Tara Cellinese's picture

Mar 1, 2017

By:

Tara Cellinese

Sr. Marketing Communications Manager

If there was one takeaway from Monday’s general session at Omnitracs Outlook 2017, it would be that the future of transportation is already upon us — whether we’re talking about innovation or a new regulatory landscape. 

The session opened with black and white footage from a 1940s instructional video on truck driving as a career, reminding us of how far we’ve already come. A film burn effect transitioned from vintage trucking to the opening entertainment act, which can be best described as a futuristic dance performance. A performance with highly coordinated talent holding video screens to give a visual representation of trucking’s past and future. Wait, what? You’d have to be there to experience it, but the main message was this: disrupters such as IoT, autonomous vehicles, wearables, and drones are already here and reshaping the industry as we know it. And Omnitracs is here to provide innovative and efficient solutions for our customers.

What’s Already Changed
Omnitracs CEO John Graham, who appeared to emerge through the television screens, started off by saying that the past 24 months have been all about looking forward. Graham gave examples such as the passage of the ELD Mandate, Freightliner’s SuperTruck, and Otto’s autonomous Budweiser delivery.  

Graham spoke about autonomous trucks, noting that while many say it will never happen, a lot is already in front of us. The government is authorizing this technology out in the market and platooning technology is already being tested. 
Graham also spoke about how wearables will monitor drivers in a way that helps them be safer and more efficient. He went on to cover drones — “the hottest Christmas gift with the highest return rate” after all the living room crashes. We were reminded that it’s not just Amazon — DHL is delivering with drones and Marine Corps are using drones to look at resupplying troops. Driven by consumers and demand, Graham said, drones can add efficiency and lower delivery costs — providing about 80% savings in last mile shipping.  

Continuing on futuristic trends, Graham talked about how sensors and IoT are “creating a smart environment around the truck” and talking about fog notes, (‘micro clouds’) around vehicles. He closed by giving the Omnitracs 2025 vision, explaining that Omnitracs is not only thinking about “here and now,” but also thinking many years ahead in this fast and accelerating environment.

Trucking Needs to Take a Seat 
Following Graham, Chris Spear, President & CEO of the American Trucking Associations (ATA) took the stage. While Spear’s main focus was not about futuristic trends, he did continue on with the theme of how far the trucking industry has come and how rapidly it is changing. Spear first noted that we — the transportation industry — are the pioneers of our own future and we have an opportunity to help map a safer and more efficient industry for ourselves. Taking what some attendees thought to be a surprising turn, Spear dove right in to address the current U.S. administration and what this change is going to mean in the industry.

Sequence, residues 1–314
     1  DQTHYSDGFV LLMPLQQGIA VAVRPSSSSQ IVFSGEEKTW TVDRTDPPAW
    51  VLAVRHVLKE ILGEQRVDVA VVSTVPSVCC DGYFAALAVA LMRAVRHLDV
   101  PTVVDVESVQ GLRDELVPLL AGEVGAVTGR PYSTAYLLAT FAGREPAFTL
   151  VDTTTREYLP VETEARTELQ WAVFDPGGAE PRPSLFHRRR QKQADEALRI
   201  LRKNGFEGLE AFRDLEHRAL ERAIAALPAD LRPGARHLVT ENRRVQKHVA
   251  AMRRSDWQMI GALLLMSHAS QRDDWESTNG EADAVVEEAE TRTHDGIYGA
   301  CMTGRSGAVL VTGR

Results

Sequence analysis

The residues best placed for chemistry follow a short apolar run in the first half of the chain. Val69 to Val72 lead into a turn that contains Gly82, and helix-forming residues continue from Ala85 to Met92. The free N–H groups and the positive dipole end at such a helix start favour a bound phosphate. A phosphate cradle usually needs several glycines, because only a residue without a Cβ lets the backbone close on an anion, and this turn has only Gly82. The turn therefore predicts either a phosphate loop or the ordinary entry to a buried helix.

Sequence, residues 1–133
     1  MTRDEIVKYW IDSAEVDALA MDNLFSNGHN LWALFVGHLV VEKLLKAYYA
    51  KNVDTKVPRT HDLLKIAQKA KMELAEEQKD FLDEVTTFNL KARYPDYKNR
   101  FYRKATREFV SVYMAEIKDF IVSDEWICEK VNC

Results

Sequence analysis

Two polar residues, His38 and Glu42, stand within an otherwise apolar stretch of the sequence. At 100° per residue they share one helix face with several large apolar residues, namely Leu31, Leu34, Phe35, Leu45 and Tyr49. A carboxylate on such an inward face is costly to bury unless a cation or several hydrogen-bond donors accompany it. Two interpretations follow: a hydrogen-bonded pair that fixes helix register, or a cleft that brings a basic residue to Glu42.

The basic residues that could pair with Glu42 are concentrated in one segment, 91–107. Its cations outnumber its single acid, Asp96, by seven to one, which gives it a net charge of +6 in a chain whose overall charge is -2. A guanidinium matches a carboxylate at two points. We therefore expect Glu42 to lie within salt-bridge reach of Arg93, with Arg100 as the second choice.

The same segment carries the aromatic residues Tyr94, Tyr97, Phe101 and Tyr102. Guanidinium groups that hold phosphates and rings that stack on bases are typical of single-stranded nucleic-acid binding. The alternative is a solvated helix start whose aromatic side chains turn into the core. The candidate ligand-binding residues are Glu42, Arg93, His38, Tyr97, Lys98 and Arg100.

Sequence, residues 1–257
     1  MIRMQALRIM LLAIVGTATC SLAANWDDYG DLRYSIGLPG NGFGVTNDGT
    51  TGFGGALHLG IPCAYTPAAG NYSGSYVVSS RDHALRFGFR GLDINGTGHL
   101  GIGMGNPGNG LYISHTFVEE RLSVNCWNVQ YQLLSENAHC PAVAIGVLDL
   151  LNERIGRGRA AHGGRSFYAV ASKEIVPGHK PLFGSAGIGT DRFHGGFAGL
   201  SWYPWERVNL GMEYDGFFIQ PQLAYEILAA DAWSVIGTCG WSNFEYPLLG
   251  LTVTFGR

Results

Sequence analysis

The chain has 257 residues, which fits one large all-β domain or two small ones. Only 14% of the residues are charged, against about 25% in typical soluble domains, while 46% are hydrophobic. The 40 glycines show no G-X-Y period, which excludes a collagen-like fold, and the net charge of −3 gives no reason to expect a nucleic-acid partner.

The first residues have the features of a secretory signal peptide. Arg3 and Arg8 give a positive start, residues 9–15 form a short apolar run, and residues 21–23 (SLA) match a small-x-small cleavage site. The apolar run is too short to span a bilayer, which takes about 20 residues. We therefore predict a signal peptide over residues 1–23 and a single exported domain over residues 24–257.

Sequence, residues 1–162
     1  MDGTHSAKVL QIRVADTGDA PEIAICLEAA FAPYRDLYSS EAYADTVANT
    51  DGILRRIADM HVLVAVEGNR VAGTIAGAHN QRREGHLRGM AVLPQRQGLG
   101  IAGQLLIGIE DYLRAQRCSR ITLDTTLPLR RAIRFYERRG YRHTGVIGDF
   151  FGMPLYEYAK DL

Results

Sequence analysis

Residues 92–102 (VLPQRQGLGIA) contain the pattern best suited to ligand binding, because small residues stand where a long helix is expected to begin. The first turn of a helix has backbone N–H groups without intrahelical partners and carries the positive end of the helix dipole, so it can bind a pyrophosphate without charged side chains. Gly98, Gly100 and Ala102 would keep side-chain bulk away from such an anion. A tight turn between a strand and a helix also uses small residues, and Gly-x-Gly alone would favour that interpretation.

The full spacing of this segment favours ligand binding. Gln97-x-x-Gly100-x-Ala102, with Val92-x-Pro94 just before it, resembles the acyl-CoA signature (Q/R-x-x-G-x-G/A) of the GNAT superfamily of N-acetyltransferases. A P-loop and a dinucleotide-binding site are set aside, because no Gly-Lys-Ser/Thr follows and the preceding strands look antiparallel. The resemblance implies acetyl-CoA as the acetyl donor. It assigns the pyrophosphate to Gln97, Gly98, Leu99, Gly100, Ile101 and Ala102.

Spear sees the trillion-dollar infrastructure plan as a win for the industry, noting that we haven’t seen anything like it in a very long time.

How else might the Trump administration affect the industry? Spear brought up the ELD Mandate and how there’s a lot of talk in Washington and the media about the future of that regulation. He reminded us of the fact that this was passed by a Republican congress and stated that he anticipates it going into full effect come December 2017, making our industry “safer, environmentally friendly, and more productive.” 

Autonomous vehicles came up in this general session once again. Spear stated that he sees that as something about 20-25 years away from now — but the framework for how that will feel is right now. A very important note from Spear on this was that trucking has to be a part of that. He stated that our industry cannot let the automotive industry decide. His advice? The trucking industry needs to take a seat or we will get behind. And Spear had some suggestions on how to go about doing this: meet with your Senate members regularly, and build a strong coalition to turn a “trucking story” into an important, economic story.

“Uncomfortable Trends” to Shape the Future of Transportation
Last on the main stage was futurist Jim Carroll, who offered his vision of what transportation could look like in the future. Like a flip phone looks to us now, today’s car dashboard will look old in three years, said Carroll. 

What could change? Carroll predicts Siri in trucks, augmented reality screens with heads-up display, pavement technology embedded into the dashboard, and robotic handlers built into the truck infrastructure. 

Carroll talked about the “innovation excuse” and how big ideas don’t happen when the fear of change exists. Said Carroll, there are three types of people: those who watch the future happen, those who make it happen, and those who said “wow, when did that happen?” His advice? “Think big, start small, and scale fast.” 
 

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